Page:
Here in our corner of the country, snow flurries are flying less frequently and we even have some frost-free mornings. It looks like spring is on its way! Our thoughts are going in two directions: getting the garden started and raising little livestock babies.
In my planning and plotting, I came across this blog post about our first foray into hatching our own chicks. It was just last year, so this will be our second year. Here’s how I saw it last year - March 2011:
A new adventure for us this spring is hatching our own chicks. Last year we raised 42 hatchery chicks, most of which were two days old when they arrived. We got that chick-rearing process down pat and decided to go a step farther this year. We bought an incubator.
We looked at the calendar to determine when the weather would be conducive to chicks moving outdoors at four weeks of age. Backtracking from there, we decided that a late March hatch date would be just about right. We collected a number of eggs and got them started in the incubator.
The gestation time for chicken eggs is 21 days, but it’s suggested that eggs be “candled” early on to see which ones contain viable embryos. Candling involves shining a light on the egg to show the air cell, blood vessels, and even little chicky eyes. It’s also possible to see the embryos moving around and tiny hearts beating.
So at one week we candled the eggs and removed several undeveloped ones. Again at two weeks, we took out a couple of eggs. On the 18th day, when the eggs should be “locked down” and undisturbed, we had 12 viable eggs.
An interesting thing had happened early in the month. A few days after we set the incubator eggs, one of our hens went broody. This means that she focused on becoming a mother and glued herself to a clutch of eggs, leaving the nest only about once a day to eat, drink, and take care of other business. She had no idea that since the rooster didn't visit her coop, her eggs were not fertile and would never hatch.
Tiny Pigwidgeon (“Piggy”) is our smallest hen, a petite Dark Brahma banty. She was faithful and determined, and in three weeks I saw her off the nest only one time for a brief jaunt outside. Hopefully she took a break at least once a day. But a broody hen lives for one thing only: to hatch and raise some baby chicks.
We decided to give Piggy half of the incubator eggs in hopes that she would hatch them. So on Day 18, we removed her clutch of infertile eggs to replace them with 6 viable incubator eggs. What a shock to see that she had accumulated 13 eggs in her nest, stealing the eggs her roommates had laid on the other side of the nestbox and hiding them all under her fluffy body and wings.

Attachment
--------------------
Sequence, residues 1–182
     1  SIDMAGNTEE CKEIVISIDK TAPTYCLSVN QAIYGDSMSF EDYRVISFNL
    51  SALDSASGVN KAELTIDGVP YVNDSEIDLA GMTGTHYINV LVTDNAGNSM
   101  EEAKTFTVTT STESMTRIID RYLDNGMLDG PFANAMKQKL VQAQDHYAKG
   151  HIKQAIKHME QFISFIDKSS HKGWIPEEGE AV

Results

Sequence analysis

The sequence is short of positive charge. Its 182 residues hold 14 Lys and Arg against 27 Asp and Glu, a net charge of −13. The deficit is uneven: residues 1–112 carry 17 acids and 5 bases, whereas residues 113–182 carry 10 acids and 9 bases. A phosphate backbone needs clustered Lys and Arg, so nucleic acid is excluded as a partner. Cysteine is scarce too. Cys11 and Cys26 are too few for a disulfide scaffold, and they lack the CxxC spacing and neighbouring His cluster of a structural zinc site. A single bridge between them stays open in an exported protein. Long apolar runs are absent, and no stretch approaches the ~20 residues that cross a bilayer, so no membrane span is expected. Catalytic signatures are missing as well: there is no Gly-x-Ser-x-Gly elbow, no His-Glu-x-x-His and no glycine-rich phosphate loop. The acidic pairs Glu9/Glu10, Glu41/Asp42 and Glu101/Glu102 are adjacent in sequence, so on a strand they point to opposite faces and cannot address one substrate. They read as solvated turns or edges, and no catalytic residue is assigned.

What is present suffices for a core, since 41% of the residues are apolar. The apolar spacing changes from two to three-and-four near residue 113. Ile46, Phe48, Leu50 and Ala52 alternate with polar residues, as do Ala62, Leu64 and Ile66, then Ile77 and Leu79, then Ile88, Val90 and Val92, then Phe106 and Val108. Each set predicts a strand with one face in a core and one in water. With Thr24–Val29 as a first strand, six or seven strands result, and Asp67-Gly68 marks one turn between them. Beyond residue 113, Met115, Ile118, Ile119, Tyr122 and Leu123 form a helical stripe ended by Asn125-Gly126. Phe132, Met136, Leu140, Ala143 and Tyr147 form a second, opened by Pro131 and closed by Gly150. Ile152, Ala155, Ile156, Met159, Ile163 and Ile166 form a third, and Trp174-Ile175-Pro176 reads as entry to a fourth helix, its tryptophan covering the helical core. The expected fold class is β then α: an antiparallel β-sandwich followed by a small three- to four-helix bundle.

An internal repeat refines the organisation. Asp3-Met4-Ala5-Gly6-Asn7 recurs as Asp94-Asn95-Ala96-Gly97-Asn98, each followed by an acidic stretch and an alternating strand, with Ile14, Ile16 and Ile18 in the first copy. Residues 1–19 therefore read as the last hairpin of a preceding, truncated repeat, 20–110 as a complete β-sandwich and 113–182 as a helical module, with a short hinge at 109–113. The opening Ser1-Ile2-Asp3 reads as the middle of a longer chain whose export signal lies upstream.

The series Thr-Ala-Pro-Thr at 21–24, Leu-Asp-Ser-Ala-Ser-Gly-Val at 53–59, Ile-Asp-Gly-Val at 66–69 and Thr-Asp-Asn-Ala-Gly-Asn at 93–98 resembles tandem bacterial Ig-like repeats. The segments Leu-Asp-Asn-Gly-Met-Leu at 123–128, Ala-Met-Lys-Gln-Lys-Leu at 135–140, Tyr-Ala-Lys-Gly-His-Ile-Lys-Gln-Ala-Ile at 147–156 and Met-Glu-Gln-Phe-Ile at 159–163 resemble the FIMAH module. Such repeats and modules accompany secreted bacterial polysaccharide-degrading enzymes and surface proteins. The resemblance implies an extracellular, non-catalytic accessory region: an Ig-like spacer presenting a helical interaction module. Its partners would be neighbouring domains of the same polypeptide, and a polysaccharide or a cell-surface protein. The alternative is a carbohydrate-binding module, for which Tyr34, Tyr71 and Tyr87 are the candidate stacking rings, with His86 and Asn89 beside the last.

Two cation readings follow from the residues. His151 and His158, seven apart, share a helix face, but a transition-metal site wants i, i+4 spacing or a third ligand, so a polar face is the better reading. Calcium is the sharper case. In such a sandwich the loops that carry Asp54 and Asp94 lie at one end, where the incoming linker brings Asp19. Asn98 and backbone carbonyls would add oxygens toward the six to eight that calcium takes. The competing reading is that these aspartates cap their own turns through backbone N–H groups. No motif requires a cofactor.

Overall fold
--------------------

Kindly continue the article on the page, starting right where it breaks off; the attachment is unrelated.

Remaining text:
Day 21 came and went, and by Day 23 three chicks had hatched in the incubator. But not a peep came from Piggy’s private nest. Unfortunately by Day 26 she hadn’t managed to hatch any chicks. Perhaps she was off the nest too long, or the coop was just too cold, or maybe all six of her eggs just happened to fail in the last days of gestation. We didn’t do eggtopsies, so we’ll never know for sure.
Since Piggy had been brooding for weeks, with very little exercise and less food and water than normal, we removed her from the nest and took her private little brooder box out of the coop. We told her to go be a regular chicken for a while, scratching and pecking outside and regaining her strength. Reluctantly, she complied. It didn't take her long to remember the joys of fresh air, sunshine, and treats to be discovered in the great outdoors.
Hopefully we will experience both natural and mechanized hatching and brooding and have the joy of watching some of our hens putter around with little chicks toddling after them. Today we’re starting our second incubator batch but won't be surprised if spring weather also brings on the broodiness in the henhouse.
Update from later in 2011: Spring weather did indeed bring on the broodiness! Two of our hens, Silkie Hedwig and Buff Orp Yolk, successfully hatched chicks the old-fashioned way — and it was a delight to see the doting mamas teach their little ones how to scratch in the dirt and take dust baths.
As for Miss Piggy, she again went broody and again sat on eggs--just a few this time. But again none of them hatched. Maybe she’ll give it another try next year, having learned some secrets from her hen sisters.
Hopefully 2012 will see us hatching chicks both in the incubator and under fluffy mother hens - perhaps even Piggy will have her dreams come true!
Marie and her husband, Jim, are developing a farm in the Pacific Northwest with their adult children and grandchildren. At The Homesteader Kitchen Marie and her daughter review kitchen equipment and talk about preparing and preserving delicious food. Along with other family members, Marie shares glimpses of country life at Rural Living Today and teaches practical skills at The Homesteader School.
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